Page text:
The findings above are not inclusive of the potential drug-nutrient interactions with metformin; they are just a sample of the information that has been researched. It is important for chiropractors to analyze all medications and nutritional supplements their patients are taking for possible interactions. It is perhaps equally important to document these results in a manner that exhibits due diligence from a medical-legal standpoint. By understanding this research and applying your nutritional knowledge in practice, you will likely also see an increase in patient confidence in the care you provide.


  1. "Mixing Medicines Is Risky Business."
  2. Becker ML, et al. Genetic variation in the multidrug and toxic extrusion 1 transporter protein influences the glucose-lowering effect of Metformin in patients with diabetes. Diabetes, March 2009.
  3. American Diabetes Association. Diabetes statistics.
  4. Adams JF, et al. Malabsorption of vitamin B12 and intrinsic factor secretion during biguanide therapy. Diabetologia, 1983;24(1):16-8.
  5. Ting RZ, Szeto CC, Chan MH, et al. Risk factors of vitamin B12 deficiency in patients receiving metformin. Arch Intern Med, 2006;166:1975-9.
  6. Pflipsen, et. al. The prevalence of vitamin B12 deficiency in patients with type 2 diabetes: a cross-sectional study. J Am Board Fam Med, 2009;22:528-34.
  7. Schectman G, Kaul S, Kissebah AH. Effect of fish oil concentrate on lipoprotein composition in NIDDM. Diabetes, 1988;37:1567-73.
  8. Sheehan JP, Wei IW, Ulchaker M, Tserng KY. Effect of high fiber intake in fish oil-treated patients with non-insulin-dependent diabetes mellitus. Am J Clin Nutr, 1997;66:1183-7.
  9. Friedberg CE, Janssen MJ, Heine RJ, Grobbee DE. Fish oil and glycemic control in diabetes: a meta-analysis. Diabetes Care, 1998;21:494-500.
  10. Toft I, Bonaa KH, Ingebretsen OC, et al. Effects of n-3 polyunsaturated fatty acids on glucose homeostasis and blood pressure in essential hypertension: a randomized, controlled trial. Ann Intern Med, 1995;123:911-8.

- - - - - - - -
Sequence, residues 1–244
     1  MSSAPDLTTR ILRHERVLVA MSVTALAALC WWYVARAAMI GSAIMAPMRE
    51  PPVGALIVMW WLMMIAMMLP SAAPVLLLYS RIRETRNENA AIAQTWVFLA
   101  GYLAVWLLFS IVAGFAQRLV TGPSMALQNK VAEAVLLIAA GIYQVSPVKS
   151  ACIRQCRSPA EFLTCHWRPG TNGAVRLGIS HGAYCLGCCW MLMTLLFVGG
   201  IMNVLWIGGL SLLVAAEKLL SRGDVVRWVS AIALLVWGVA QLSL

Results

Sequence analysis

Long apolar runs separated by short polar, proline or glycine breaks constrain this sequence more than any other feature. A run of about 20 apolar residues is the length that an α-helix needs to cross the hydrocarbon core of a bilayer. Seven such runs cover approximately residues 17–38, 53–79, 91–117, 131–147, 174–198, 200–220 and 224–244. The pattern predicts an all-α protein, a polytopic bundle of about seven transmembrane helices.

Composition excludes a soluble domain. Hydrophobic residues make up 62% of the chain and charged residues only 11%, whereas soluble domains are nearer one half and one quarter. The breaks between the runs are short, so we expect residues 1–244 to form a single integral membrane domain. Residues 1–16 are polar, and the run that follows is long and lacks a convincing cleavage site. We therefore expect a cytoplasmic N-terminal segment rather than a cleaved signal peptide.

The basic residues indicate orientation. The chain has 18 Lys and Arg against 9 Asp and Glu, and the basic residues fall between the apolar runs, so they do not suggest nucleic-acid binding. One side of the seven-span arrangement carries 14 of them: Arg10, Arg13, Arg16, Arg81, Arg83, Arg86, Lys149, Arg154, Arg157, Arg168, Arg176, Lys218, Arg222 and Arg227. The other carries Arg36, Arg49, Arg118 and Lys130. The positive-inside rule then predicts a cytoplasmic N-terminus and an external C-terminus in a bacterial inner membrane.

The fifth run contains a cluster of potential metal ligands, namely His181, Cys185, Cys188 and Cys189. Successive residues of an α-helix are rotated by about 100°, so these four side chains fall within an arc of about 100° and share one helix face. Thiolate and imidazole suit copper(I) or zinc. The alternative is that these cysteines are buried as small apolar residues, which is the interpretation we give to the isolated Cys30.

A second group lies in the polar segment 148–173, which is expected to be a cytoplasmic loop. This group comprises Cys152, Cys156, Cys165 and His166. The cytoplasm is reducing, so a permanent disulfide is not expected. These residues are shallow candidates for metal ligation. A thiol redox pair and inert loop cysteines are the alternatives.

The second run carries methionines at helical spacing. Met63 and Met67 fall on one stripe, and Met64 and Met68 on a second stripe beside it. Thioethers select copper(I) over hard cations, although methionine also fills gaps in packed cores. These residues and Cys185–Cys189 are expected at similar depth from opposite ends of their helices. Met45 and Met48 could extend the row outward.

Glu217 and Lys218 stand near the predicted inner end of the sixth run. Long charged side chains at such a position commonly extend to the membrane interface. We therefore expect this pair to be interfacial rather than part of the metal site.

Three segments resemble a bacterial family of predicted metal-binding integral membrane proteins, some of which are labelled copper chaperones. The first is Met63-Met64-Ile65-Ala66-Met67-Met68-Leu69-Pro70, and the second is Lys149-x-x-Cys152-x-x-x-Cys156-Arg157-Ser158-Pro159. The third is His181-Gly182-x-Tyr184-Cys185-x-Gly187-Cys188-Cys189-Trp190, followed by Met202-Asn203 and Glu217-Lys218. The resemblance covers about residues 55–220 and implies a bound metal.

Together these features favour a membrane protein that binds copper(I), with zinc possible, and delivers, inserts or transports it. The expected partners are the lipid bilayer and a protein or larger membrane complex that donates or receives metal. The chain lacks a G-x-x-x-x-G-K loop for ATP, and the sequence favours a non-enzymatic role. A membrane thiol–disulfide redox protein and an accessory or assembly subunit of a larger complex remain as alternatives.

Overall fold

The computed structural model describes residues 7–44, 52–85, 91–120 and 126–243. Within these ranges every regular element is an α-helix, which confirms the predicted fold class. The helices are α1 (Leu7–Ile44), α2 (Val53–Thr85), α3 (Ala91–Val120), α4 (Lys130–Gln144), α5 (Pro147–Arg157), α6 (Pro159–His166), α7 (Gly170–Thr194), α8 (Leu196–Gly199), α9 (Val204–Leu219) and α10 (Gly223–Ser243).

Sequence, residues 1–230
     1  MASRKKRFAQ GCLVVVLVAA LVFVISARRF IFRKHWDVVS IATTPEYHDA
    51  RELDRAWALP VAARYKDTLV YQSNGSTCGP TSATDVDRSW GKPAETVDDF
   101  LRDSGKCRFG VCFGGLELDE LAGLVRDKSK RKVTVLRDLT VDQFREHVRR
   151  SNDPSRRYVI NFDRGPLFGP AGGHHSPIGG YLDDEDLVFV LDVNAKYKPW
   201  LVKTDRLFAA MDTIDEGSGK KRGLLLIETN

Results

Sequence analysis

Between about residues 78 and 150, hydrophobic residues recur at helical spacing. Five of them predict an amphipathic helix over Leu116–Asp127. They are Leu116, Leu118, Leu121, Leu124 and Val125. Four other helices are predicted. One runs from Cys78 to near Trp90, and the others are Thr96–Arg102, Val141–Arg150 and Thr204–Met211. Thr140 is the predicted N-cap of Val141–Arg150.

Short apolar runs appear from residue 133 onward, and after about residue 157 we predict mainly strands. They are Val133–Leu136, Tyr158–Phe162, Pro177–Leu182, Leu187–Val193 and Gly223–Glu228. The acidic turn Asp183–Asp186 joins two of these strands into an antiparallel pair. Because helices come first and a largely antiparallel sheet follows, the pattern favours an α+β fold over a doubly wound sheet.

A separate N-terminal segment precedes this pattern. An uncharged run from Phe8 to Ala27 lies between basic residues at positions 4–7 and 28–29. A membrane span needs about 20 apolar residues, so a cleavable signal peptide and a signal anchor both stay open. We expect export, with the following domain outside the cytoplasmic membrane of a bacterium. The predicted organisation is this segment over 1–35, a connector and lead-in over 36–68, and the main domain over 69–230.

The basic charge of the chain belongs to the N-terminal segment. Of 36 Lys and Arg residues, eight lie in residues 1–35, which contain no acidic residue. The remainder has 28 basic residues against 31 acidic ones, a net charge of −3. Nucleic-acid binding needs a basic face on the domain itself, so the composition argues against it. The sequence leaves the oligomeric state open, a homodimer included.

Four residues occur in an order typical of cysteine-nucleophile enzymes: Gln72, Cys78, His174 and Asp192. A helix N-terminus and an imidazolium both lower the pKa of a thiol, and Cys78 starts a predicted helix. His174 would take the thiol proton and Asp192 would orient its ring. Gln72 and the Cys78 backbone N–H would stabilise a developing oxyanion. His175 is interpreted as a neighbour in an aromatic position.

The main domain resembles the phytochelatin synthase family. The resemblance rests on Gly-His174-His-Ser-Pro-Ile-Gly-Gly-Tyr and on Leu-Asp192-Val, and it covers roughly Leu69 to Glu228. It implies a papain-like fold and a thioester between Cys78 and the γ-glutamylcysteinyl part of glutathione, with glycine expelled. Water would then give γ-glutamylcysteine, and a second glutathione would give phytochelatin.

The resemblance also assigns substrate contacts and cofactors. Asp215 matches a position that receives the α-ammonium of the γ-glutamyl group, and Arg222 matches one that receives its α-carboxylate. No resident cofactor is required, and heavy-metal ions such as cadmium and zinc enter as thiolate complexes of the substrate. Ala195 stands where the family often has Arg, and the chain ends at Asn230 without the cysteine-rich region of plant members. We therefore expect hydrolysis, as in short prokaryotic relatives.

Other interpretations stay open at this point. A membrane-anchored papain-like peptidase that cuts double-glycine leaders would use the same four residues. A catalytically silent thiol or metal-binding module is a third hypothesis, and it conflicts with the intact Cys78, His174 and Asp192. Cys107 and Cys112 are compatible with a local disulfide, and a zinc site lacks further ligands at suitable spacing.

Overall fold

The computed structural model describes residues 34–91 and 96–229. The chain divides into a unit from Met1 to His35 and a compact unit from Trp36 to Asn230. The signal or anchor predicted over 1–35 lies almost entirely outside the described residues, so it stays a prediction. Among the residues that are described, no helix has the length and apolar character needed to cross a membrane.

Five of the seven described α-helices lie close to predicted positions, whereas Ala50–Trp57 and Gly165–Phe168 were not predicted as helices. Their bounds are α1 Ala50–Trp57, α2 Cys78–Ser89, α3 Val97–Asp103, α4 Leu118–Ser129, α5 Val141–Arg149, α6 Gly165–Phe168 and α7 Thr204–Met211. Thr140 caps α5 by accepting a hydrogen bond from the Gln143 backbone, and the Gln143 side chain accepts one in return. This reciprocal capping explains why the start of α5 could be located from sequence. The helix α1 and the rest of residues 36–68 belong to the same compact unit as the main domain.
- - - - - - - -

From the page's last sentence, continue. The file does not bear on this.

11. Kishi T, et al. Bioenergetics in clinical medicine. XI. Studies on CoQ and diabetes mellitus. J Med, 1976;7(3-4):307-21.
  12. Hodgson JM, Watts GF, Playford DA, et al. Coenzyme Q(10) improves blood pressure and glycaemic control: a controlled trial in subjects with type 2 diabetes. Eur J Clin Nutr, 2002;56:1137-42.
  13. Singh RB, Niaz MA, Rastogi SS, et al. Effect of hydrosoluble coenzyme Q10 on blood pressures and insulin resistance in hypertensive patients with coronary artery disease. J Human Hypertens, 1999;13:203-8.
  14. Anderson RA, Cheng N, Bryden NA, et al. Elevated intakes of supplemental chromium improve glucose and insulin variables in individuals with type 2 diabetes. Diabetes, 1997;46:1786-91.
  15. Mertz W. Interaction of chromium with insulin: a progress report. Nutr Rev, 1998;56:174-7.
  16. Porter DJ, Raymond LW, Anastasio GD. Chromium: friend or foe. Arch Fam Med, 1999;8:386-90.
  17. Boullata J. Natural health product interactions with medication. Nut Clin Pract, 2005.
  18. Sharma RD, Raghuram TC, Sudhakar Rao N. Effect of fenugreek seeds on blood glucose and serum lipids in type 1 diabetes. Eur J Clin Nutr, 1990;44:301-6.
  19. Sharma RD, Sarkar A, Hazara DK, et al. Use of fenugreek seed powder in the management of non-insulin dependent diabetes mellitus. Nutr Res, 1996;16:1131-9.

Dr. Todd Mexico is 2006 graduate of Palmer College of Chiropractic Florida and co-founder of Dr. Mexico practices in Baldwinville, Mass.

Dr. Brandon Blood is 2006 graduate of Palmer College of Chiropractic Florida and co-founder of Dr. Blood maintains a practice in Canton, Ohio.